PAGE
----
By Daniel Tilles
The proportion of Catholics in Poland attending mass has fallen from 37% to 28% in two years, according to the new figures published by the church’s statistical institute.
The church notes that the latest data – which come from 2021 – are likely to have been affected by the pandemic. But it also admits that “socio-cultural factors” have played a part in the decline.
While the vast majority of Poles are officially identified as Catholic, recent years have seen the status of the church dented by its support for an unpopular near-total ban on abortion and by revelations of child sex abuse by members of the clergy and negligence by bishops in dealing with the issue.
Since 1980, the Catholic church in Poland has conducted an annual study of how many people attend mass and take communion. On one Sunday each year, every parish in the country records figures and submits them to the Institute for Catholic Church Statistics (ISKK).
The ISKK then calculates nationally what proportion of Catholics required to attend mass – meaning people aged over seven and excluding the bedridden and elderly with limited mobility – actually did so on that day.
The latest figures show that 28.3% attended mass in 2021, which was down from 36.9% in 2019 (the survey was not conducted in 2020 due to the pandemic). In 2011, the number stood at 40%; in 2001 at 46.8%; in 1991 at 47.6%; and in 1981 at 52.7%.
Meanwhile, the proportion who took communion fell to 12.9% in 2021, having stood at 16.7% in 2019. In contrast to attendance figures, those taking communion had previously been rising: from 8.1% in 1981 to 10.8% in 1991, 16.5% in 2001 and 16.1% in 2011.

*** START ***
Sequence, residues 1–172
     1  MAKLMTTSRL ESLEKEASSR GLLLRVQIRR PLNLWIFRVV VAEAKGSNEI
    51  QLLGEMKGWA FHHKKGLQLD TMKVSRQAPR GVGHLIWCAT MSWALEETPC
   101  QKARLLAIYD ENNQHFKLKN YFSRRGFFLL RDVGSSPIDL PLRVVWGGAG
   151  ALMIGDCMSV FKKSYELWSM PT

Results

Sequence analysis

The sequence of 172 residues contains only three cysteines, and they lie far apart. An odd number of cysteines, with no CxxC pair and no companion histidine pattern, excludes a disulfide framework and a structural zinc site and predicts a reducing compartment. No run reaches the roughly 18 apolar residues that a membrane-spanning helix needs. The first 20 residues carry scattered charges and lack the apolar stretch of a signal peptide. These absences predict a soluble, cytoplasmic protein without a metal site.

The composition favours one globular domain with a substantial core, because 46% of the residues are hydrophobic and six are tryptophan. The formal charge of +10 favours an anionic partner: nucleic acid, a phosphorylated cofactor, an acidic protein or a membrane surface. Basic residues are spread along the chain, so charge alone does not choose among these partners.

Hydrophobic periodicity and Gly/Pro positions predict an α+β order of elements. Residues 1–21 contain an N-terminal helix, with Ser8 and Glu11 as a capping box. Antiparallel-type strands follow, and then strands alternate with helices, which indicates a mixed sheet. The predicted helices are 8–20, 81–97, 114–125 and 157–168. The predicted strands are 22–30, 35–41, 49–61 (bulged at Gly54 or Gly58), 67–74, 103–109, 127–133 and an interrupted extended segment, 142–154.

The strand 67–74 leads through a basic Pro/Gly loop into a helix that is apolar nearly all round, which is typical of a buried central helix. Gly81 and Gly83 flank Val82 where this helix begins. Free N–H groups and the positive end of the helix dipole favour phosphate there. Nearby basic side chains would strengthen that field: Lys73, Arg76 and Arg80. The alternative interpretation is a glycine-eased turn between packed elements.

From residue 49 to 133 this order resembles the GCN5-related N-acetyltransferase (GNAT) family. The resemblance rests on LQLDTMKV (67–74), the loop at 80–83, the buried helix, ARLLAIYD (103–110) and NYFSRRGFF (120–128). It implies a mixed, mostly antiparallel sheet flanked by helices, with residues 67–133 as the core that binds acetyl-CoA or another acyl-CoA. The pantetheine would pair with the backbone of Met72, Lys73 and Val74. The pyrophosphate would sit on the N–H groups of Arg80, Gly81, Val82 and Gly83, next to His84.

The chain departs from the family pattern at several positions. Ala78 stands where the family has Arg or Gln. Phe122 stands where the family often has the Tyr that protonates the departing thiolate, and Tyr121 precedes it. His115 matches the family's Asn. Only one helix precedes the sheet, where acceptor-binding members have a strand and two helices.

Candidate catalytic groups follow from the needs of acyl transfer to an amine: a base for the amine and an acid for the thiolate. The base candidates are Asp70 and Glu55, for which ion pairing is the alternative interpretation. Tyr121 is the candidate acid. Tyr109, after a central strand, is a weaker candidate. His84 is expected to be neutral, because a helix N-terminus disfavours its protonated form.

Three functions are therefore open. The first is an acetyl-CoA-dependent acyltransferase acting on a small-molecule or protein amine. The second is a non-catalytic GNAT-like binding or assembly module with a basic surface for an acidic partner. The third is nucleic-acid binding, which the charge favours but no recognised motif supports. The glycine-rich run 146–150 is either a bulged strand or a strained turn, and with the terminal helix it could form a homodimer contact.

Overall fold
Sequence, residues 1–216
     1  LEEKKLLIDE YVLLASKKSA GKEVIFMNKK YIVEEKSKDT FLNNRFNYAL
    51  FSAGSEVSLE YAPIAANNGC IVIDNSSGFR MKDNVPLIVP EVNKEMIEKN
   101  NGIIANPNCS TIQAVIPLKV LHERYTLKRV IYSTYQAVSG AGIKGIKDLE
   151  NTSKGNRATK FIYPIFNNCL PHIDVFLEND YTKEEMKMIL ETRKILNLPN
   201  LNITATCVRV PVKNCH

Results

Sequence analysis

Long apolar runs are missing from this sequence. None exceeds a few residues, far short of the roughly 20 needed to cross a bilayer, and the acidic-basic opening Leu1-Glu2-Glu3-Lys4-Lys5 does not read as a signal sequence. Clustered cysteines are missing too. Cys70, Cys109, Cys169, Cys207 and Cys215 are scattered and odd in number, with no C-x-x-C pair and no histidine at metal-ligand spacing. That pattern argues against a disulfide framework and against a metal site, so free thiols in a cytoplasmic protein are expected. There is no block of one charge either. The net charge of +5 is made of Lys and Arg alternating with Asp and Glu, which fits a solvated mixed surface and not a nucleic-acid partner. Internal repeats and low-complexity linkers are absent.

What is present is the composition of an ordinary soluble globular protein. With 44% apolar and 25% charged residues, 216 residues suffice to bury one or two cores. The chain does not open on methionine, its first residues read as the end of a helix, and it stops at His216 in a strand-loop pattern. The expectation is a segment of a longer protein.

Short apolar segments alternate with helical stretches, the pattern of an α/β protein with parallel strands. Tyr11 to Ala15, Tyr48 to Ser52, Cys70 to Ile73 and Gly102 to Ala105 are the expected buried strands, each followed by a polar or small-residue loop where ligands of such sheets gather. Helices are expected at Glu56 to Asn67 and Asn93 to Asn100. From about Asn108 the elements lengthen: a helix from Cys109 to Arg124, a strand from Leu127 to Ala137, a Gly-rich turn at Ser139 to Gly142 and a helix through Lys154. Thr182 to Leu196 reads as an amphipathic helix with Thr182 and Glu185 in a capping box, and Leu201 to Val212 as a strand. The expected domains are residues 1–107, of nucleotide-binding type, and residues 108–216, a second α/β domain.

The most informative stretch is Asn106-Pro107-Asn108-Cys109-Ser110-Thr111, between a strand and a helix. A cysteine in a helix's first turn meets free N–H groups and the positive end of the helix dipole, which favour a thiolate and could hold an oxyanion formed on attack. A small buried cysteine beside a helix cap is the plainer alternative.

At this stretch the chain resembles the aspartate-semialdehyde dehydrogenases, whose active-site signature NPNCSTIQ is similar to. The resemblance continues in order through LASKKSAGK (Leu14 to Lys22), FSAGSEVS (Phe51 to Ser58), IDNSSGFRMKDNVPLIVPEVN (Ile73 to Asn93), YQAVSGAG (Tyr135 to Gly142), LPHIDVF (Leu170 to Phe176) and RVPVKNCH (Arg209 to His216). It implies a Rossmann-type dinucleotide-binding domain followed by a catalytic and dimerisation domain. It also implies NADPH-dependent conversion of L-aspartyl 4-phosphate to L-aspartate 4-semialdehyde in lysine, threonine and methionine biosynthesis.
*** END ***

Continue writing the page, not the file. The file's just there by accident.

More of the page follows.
“The  numbers were influenced by the pandemic situation,” notes ISKK’s deputy director Marcin Jewdokimow. “It should be remembered that in 2020, due to COVID-19 restrictions, no data were collected. In 2021, we collected data despite the fact that some restrictions were [still] in force.
The latest data were gathered on 26 September 2021, at a time when entry to churches was restricted to 50% capacity and attendees were obliged to wear masks.
“In previous years, the declines in the dominicantes [mass attendance] index were constant,” added Jewdokimow, quoted by the Polish Press Agency (PAP). “This time we’re dealing with a collapse. Therefore, I believe that next year we will have a rebound, the statistics will show an increase.”
At the same time, Jewdokimow admitted that “socio-cultural factors” had also had an impact on church attendance. But he noted that the ISKK does not conduct research into the reasons behind changes in the numbers it records.
“In the long term, we are dealing with processes of socio-cultural changes,” said Jewdokimow. “On the other hand, there is a certain reconfiguration of Catholicism and the place of religion in public space. People’s religious needs are changing and the way religious institutions function is changing.”
Other research has also indicated a decline in religious practice over recent years. Polling by CBOS, a state research agency, found that in August 2021 43% of Poles said they practice their religion at least once a week, down from 69.5% in 1992. However, 87% still declared themselves to be believers.
Among those aged 18-24, religious practice fell from 69% in 1992 to just 23% in 2021. Young Poles have been particularly prominent in protests against the church. An IBRiS poll in 2020 found that just 9% of those aged 18-29 held a positive view of the church.
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